North America

The Dow industrials, S&P 500 and Nasdaq Composite all finished the day higher after falling sharply in morning trading, a wild close to a volatile day in US stocks.

By the end of the day, the Dow had added 101 points, or 0.3% after being down more than 1000 points in the morning. The S&P 500 also added 0.3%. Popular technology stocks were among the hardest hit early on, but they too rallied. The tech-heavy Nasdaq index closed about 0.6% higher after trading more than 4% lower earlier in the session.

The market slide extended to the cryptocurrency markets, with bitcoin dipping at one point below $33,000, less than half the market value of its November high.

Investors are bracing for a Federal Reserve meeting this week in which the central bank is expected to shed more light on its plans to combat surging inflation. The market has also been spooked by mounting tensions between the West and Russia over the military buildup on the border with Ukraine.

At its lowest point on Monday, the broad S&P index was in correction territory, defined as a 10% drop from a recent high. It ended the day around 8% from its record three weeks ago.

Tesla, a favourite of many investors, slid 1.5%. Chip maker Nvidia, one of last year's strongest performers, was roughly flat.

Vaccine maker Moderna slid 1.7%. Airbnb tumbled 5.6%. Netflix shares dropped 2.6%, adding to their losses after the streaming company warned last week of slowing subscriber growth.

Stocks coasted higher for much of the past year, repeatedly smashing records as investors treated every short-lived dip as a buying opportunity. But that mentality has shifted in 2022 as the rally lost one of its biggest friends: the Fed keeping interest rates at rock-bottom levels during the pandemic to juice economic activity.

Now, investors expect the Fed to raise interest rates several times in 2022 to curb inflation, which is running at its fastest pace in 40 years.

"The buy-the-dip mentality has left the market at this juncture," said Michael Mullaney, director of global markets research at Boston Partners. "If you've tried to buy this dip, you've gotten toasted."

The Fed is set to gather for a two-day meeting Tuesday. At its conclusion on Wednesday, Chairman Jerome Powell is expected to signal that rates will likely rise as soon as March.

"The Fed was way behind the curve on inflation," said Lisa Shalett, chief investment officer of Morgan Stanley Wealth Management. She expects the Fed to hike interest rates four times in 2022 and to start shrinking its bond holdings as it seeks to get a grip on inflation.

Though painful for investors, this year's selloff is to be expected given the shift towards higher rates, Ms. Shalett added, noting that the S&P 500 enjoyed double-digit returns during the past two years amid ultra-loose monetary policy.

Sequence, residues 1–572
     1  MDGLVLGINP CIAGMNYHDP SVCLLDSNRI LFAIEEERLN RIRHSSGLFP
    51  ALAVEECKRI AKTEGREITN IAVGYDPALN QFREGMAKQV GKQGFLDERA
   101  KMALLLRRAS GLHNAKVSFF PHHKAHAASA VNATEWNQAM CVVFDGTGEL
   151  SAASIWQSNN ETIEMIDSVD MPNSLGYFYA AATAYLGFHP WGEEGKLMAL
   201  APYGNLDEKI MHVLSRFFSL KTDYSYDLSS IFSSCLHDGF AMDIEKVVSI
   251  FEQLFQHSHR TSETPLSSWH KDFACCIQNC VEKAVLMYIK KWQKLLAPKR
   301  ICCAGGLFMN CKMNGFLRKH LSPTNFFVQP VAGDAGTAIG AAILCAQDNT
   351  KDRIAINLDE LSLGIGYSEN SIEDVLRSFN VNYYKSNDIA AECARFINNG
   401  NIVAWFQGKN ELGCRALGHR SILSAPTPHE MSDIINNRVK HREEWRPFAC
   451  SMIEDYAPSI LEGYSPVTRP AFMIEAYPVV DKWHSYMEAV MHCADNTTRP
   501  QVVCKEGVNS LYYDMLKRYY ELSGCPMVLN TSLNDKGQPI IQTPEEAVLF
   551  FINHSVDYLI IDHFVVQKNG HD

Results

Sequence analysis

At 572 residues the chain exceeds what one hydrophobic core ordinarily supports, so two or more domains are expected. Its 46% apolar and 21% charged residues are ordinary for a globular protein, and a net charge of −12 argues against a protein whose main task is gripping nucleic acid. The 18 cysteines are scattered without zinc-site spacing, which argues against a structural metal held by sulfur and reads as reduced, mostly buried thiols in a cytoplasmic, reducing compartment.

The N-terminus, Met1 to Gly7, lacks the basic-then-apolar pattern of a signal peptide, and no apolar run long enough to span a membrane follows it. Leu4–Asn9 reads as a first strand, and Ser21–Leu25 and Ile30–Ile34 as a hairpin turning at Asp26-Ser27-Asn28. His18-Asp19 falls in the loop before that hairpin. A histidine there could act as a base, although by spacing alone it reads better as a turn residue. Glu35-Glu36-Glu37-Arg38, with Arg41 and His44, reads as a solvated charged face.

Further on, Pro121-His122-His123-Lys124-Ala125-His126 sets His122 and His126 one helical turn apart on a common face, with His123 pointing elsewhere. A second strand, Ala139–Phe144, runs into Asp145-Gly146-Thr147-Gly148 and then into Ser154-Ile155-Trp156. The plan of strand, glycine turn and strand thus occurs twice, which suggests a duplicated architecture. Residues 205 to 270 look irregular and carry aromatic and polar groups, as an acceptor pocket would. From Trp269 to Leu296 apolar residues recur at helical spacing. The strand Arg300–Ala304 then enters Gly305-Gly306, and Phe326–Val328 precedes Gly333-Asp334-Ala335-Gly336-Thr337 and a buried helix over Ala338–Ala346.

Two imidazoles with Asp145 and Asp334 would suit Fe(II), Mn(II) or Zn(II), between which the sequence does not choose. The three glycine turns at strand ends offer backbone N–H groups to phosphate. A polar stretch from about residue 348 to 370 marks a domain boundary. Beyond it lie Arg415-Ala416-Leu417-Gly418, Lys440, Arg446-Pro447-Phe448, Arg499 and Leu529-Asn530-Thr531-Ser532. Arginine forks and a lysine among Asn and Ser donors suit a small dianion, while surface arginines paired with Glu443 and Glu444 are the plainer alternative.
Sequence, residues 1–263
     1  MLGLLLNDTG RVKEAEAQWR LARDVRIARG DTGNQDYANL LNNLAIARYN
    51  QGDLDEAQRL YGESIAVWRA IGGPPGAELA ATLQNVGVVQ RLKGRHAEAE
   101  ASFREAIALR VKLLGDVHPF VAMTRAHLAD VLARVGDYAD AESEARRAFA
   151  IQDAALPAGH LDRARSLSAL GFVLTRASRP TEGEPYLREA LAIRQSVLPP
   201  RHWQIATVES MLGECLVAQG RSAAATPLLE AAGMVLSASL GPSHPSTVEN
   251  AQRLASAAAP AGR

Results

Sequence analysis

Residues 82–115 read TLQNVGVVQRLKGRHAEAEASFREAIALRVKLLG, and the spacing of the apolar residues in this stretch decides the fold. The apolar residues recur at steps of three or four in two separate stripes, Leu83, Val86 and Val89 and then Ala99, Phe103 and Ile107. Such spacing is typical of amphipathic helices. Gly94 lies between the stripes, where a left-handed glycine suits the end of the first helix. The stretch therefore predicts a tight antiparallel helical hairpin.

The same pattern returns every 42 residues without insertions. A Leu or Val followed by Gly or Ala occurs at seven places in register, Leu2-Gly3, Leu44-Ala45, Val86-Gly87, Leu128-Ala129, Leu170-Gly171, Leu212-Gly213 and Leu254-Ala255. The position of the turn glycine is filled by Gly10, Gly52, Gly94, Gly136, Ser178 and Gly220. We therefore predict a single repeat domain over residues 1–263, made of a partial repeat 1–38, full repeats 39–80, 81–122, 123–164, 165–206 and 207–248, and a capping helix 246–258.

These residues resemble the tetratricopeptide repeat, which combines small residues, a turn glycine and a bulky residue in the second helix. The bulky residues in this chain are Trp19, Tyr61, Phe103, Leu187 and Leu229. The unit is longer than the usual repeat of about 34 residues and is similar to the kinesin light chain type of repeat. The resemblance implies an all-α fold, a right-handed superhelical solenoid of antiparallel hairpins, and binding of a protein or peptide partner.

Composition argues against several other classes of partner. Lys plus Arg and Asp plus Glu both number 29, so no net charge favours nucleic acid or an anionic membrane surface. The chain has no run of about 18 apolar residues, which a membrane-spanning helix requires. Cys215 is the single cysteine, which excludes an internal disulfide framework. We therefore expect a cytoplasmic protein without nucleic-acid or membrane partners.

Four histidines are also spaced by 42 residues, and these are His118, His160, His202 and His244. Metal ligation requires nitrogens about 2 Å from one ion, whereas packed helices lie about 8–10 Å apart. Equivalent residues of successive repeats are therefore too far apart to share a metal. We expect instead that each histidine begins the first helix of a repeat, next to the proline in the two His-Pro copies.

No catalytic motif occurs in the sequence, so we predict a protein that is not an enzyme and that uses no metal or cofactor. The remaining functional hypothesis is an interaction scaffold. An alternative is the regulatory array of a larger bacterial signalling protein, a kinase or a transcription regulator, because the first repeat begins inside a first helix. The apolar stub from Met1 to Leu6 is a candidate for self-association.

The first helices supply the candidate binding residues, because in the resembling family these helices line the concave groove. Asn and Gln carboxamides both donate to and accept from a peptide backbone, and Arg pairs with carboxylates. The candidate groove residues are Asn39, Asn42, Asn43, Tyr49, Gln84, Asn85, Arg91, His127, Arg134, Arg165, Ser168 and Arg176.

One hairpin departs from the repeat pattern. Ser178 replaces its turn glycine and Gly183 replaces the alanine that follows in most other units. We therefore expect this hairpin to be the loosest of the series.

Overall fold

"It's been an unbelievable run," she said. "This is a standard, garden-variety correction, and it's absolutely appropriate when there is a change in policy."

The yield on 10-year Treasury notes fell to 1.735% from 1.747% Friday as investors ran to the safety of government bonds. Yields move in the opposite direction from prices.

The Fed's policy shift has punished speculative bets such as tech stocks and crypto. Rising interest rates encourage investors to move money into safer assets such as bonds, and they reduce the value of expected future cash flows from fast-growing companies, hurting their share prices.

So-called meme stocks popular with individual investors took a beating. GameStop fell 5.8%, while AMC Entertainment dropped 7.4%. Both stocks have lost more than 30% of their value since the beginning of the year.

Bitcoin was recently trading at $36,215, up 2.3% from its price at 5 pm New York on Sunday but down more than 20% since the start of the year.

Fears of a possible Russian invasion of Ukraine are weighing on markets, analysts said. The State Department on Sunday instructed the families of US diplomats in Ukraine to leave the country, while the White House is considering sending several thousand troops to Europe.

War in Ukraine and its possible consequences—including the potential closure of the US financial system to Russian banks—could play out in markets in unpredictable ways, said Sebastien Galy, senior macro strategist at Nordea Asset Management.

"The closer you get to the cliff, the more nervous [the market] is," Mr. Galy said. "We don't have the information to trade."

The Russian ruble fell 1.6% against the dollar and was recently trading at about 78.8 rubles to the dollar.

One of the bright spots in the US stock market was Kohl's, which jumped 36% after a group backed by activist hedge fund Starboard Value offered roughly $9 billion to buy the department store chain.

Investors are looking ahead to a fresh batch of corporate earnings reports this week, including from some big tech companies. International Business Machines is due to report quarterly results after the closing bell on Monday, followed by General Electric, Microsoft, Apple and Tesla later in the week. Of the 65 companies in the S&P 500 that filed results through midday Monday, nearly 77% beat analysts' expectations, according to Refinitiv.

Oil prices were caught up in Monday's selloff. Brent crude futures, the benchmark in international energy markets, fell 1.2% to settle at $86.80 a barrel.

is a reporter and data journalist with Morningstar. Tweet him @lewjackk or get in touch via email